Acetone is used as a common solvent in the pharmaceutical industry.
Acetone also reacts as an excipient in most various drugs.
While it appears as a component in the packaging section in the food sector, it is also used as additives in this sector.

Acetone is the most widely used chemical in nail polish cleaning in this sector.
They are preferred for cleaning glass laboratory materials, which are the most common and common areas of use in the chemical industry, and to provide high efficiency drying in a short time.
In addition, it interacts with substances such as salicylic acid and glycolic acid, which is called peeling (chemical peeling), and creates an auxiliary factor in this method.
The evaporation rate of acetone from water and soil is quite high.
Acetone is an important underground pollutant for soil due to its high solubility in water consumed by animals or sometimes microorganisms. 
For fish, acetone is a very harmful substance with its LD50 value of 8.3 g / L and its half-life.
Oxygen depletion can pose a significant risk in systems with high acetone-consuming microbial activity.
Most acetone is consumed as an intermediate feedstock for acrylic plastics used for glazing, signs, lighting fixtures and displays, and for production of Bisphenol A (BPA) which, in turn, is used to manufacture polycarbonate and epoxy resins. 
Both polycarbonate and epoxy resins are used in many different industries and in countless items which we encounter every day.

Acetone is also used extensively in the manufacture of artificial fibres and as an intermediate in pharmaceuticals.
Acetone is one of the most widely used solvents in the world due to is combination of  high solvency and a high rate of evaporation. 
It can be found in many everyday products including paints, cleaning fluids, nail polish remover, and adhesives.
Acetone is a colourless, low boiling, easy pouring liquid with a characteristic odour. 
Acetone is miscible in all proportions with water, alcohols, many hydrocarbons and other organic liquids. 
Acetone has good solvent properties for vegetable and animal fats, cellulose, natural and synthetic resins and many other organic substances.
Acetone's listing as a non-volatile organic compound (VOC) in the US is increasing its use in coatings applications.
Acetone is a colorless solvent. Solvents are substances that can break down or dissolve other materials. 
In the household, people may come across acetone in products such as nail polish remover or paint remover.

Acetone occurs naturally in the environment in trees, plants, volcanic gases, and forest fires. 
Small amounts are also present in the body. But exposure to acetone can irritate the eyes, nose, or skin.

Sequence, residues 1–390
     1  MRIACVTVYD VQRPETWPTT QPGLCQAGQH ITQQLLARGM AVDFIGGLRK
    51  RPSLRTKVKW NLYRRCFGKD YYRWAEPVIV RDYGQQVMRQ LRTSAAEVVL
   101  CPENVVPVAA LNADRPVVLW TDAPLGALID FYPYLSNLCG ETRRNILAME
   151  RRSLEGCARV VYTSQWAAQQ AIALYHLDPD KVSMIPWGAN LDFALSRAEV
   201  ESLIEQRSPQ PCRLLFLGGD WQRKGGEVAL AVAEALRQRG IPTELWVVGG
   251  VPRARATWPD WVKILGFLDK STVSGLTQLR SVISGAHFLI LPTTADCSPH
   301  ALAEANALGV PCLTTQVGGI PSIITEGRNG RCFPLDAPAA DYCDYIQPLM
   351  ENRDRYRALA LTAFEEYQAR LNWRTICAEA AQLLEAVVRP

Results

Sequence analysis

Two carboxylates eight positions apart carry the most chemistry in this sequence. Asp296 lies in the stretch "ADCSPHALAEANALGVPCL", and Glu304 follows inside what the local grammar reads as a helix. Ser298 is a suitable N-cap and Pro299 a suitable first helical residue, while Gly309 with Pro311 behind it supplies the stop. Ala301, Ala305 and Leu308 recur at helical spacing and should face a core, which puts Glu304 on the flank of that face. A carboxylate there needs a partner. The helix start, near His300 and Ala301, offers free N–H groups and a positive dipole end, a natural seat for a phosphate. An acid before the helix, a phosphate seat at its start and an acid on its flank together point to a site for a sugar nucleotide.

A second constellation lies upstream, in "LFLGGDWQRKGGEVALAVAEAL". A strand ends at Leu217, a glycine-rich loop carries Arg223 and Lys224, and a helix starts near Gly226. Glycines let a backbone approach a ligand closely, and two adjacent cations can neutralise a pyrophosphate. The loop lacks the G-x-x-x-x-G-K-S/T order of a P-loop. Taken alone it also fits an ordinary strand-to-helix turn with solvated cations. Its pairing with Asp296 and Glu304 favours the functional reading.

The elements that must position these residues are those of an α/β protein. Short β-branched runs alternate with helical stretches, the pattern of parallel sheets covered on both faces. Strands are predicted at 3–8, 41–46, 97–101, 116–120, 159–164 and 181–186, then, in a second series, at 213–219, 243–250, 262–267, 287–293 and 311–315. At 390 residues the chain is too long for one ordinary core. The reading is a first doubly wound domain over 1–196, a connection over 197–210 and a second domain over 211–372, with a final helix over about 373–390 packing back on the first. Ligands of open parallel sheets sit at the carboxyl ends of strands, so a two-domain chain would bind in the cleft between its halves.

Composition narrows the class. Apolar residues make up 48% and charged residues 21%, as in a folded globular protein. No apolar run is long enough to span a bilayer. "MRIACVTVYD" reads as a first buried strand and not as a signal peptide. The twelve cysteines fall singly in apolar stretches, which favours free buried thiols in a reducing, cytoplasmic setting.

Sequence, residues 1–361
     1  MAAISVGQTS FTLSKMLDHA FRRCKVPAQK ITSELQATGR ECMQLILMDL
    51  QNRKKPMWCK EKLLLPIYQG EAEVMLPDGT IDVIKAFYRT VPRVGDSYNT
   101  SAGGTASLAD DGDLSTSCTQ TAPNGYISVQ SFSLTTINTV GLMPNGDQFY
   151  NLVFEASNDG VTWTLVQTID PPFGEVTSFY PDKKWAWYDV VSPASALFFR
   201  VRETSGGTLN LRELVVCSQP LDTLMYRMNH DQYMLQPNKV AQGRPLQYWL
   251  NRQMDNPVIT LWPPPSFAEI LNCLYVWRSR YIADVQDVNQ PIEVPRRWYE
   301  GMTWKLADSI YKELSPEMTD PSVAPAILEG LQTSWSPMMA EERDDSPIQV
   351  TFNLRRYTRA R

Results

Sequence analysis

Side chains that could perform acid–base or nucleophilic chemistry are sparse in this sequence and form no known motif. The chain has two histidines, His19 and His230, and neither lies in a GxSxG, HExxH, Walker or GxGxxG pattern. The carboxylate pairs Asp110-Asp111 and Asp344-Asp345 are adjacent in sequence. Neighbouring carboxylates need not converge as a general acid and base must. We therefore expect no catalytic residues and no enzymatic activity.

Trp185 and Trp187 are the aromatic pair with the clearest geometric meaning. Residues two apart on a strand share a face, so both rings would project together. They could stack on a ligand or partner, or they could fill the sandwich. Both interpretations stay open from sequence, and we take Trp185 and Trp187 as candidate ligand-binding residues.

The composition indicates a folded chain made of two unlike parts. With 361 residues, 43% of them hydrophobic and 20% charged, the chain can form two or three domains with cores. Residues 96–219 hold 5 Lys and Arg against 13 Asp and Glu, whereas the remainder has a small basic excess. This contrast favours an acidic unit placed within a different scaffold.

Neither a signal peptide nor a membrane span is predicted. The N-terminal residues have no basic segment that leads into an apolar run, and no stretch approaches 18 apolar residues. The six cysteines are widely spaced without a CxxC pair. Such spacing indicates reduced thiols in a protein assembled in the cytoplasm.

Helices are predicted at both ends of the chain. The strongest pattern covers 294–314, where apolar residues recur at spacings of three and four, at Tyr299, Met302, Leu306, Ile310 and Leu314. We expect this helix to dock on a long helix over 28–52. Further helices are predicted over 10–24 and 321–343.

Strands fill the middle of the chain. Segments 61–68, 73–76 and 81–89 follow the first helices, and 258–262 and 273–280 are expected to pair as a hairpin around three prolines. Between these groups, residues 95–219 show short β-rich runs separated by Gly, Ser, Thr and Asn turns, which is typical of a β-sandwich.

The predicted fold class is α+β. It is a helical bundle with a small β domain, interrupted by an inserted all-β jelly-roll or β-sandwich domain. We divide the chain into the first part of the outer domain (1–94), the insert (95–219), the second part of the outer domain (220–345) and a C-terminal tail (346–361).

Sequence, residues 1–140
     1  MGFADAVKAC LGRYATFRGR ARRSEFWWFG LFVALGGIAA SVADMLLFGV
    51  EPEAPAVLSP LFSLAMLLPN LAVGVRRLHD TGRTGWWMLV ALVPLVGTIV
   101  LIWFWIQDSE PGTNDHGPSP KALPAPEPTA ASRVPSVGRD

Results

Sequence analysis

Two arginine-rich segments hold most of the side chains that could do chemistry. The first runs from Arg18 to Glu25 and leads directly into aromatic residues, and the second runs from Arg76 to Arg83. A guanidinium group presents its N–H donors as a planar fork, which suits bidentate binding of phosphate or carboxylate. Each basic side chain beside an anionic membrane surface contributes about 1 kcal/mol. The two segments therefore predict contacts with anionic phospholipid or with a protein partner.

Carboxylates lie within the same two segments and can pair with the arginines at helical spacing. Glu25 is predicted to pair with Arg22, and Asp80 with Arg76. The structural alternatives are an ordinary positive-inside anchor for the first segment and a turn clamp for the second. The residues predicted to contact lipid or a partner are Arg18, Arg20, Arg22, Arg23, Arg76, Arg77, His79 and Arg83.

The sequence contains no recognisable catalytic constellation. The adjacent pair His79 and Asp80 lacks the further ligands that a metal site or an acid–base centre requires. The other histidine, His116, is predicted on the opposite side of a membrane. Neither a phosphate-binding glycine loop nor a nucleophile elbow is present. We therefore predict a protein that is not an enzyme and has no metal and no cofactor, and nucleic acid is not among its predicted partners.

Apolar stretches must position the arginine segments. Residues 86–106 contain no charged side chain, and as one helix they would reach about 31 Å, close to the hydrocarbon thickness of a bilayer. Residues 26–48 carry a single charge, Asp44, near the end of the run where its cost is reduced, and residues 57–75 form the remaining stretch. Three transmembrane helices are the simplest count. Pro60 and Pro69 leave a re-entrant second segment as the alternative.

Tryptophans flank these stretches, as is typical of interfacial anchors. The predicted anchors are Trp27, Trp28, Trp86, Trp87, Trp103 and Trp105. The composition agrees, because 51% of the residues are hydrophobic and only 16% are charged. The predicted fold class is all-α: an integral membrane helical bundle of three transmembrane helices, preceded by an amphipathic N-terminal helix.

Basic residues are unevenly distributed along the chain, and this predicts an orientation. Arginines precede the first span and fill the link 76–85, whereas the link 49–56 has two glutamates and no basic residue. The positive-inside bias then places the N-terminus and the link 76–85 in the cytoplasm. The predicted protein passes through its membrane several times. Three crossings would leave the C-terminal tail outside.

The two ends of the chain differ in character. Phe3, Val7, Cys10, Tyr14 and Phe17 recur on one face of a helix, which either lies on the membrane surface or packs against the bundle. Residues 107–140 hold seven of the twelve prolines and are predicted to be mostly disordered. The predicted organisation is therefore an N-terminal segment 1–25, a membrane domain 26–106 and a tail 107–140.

Consuming it can lead to acetone poisoning.
Acetone is a clear, colorless liquid. 
Acetone is a solvent that can dissolve or break down other materials, such as paint, varnish, or grease. 
Acetone evaporates quickly into the air.
Acetone is naturally present in trees and other plants, as well as tobacco smoke, vehicle exhaust, and landfills. 
Acetone also occurs in the body. 

Acetone is the most widely used ketone in industry. 
Acetone is used primarily to synthesize methacrylates, about half of the world's production of acetone is used as a precursor to methyl methacrylate. 
Other large-scale chemicals derived from acetone are bisphenol A and methyl isobutyl ketone. 
Acetone is also used as a process solvent in the manufacture of cellulose acetate yarn, smokeless gun powder, surface coatings, and various pharmaceutical and cosmetic products. 
Other solvent uses include paint, ink, resin, and varnish formulations; thinning of fiberglass resin; cleaning of fiberglass tools; and dissolution of two-part epoxies and superglues before hardening.
Acetone is found in nature in plants, trees, gas from volcanoes, and forest fires. 
Also, when your body breaks down fat, it produces acetone. 
If you are on a low fat diet, you will have more acetone in your body. 

Acetone is found in exhaust from cars and trucks, tobacco smoke and landfills. 
Factories release acetone into the air. 
Acetone is used to make plastic, fibers, drugs and chemicals. 
Acetone is often used as a solvent. 
Solvents help other substances dissolve. 

Acetone is used in the chemical industry in numerous applications. 
The primary use of acetone is to produce acetone cyanohydrin, which is then used in the production of methyl methacrylate (MMA). 
Another use of acetone in the chemical industry is for bisphenol A (BPA). 
BPA results form the condensation reaction of acetone and phenol in the presence of an appropriate catalyst. 
BPA is used in polycarbonate plastics, polyurethanes, and epoxy resins. Polycarbonate plastics are tough and durable and are often used as a glass substitute.
In addition to its use as a chemical feedstock and intermediate, acetone is used extensively as an organic solvent in lacquers, varnishes, pharmaceuticals, and cosmetics. 
Nail polish remover is one of the most common products containing acetone. 

Acetone is used to stabilize acetylene for transport .
Acetone is used in the manufacture of a largenumber of compounds, such as acetic acid,chloroform, mesityl oxide, and MIBK; in themanufacture of rayon, photographic films,and explosives; as a common solvent; inpaint and varnish removers; and for purifyingparaffins.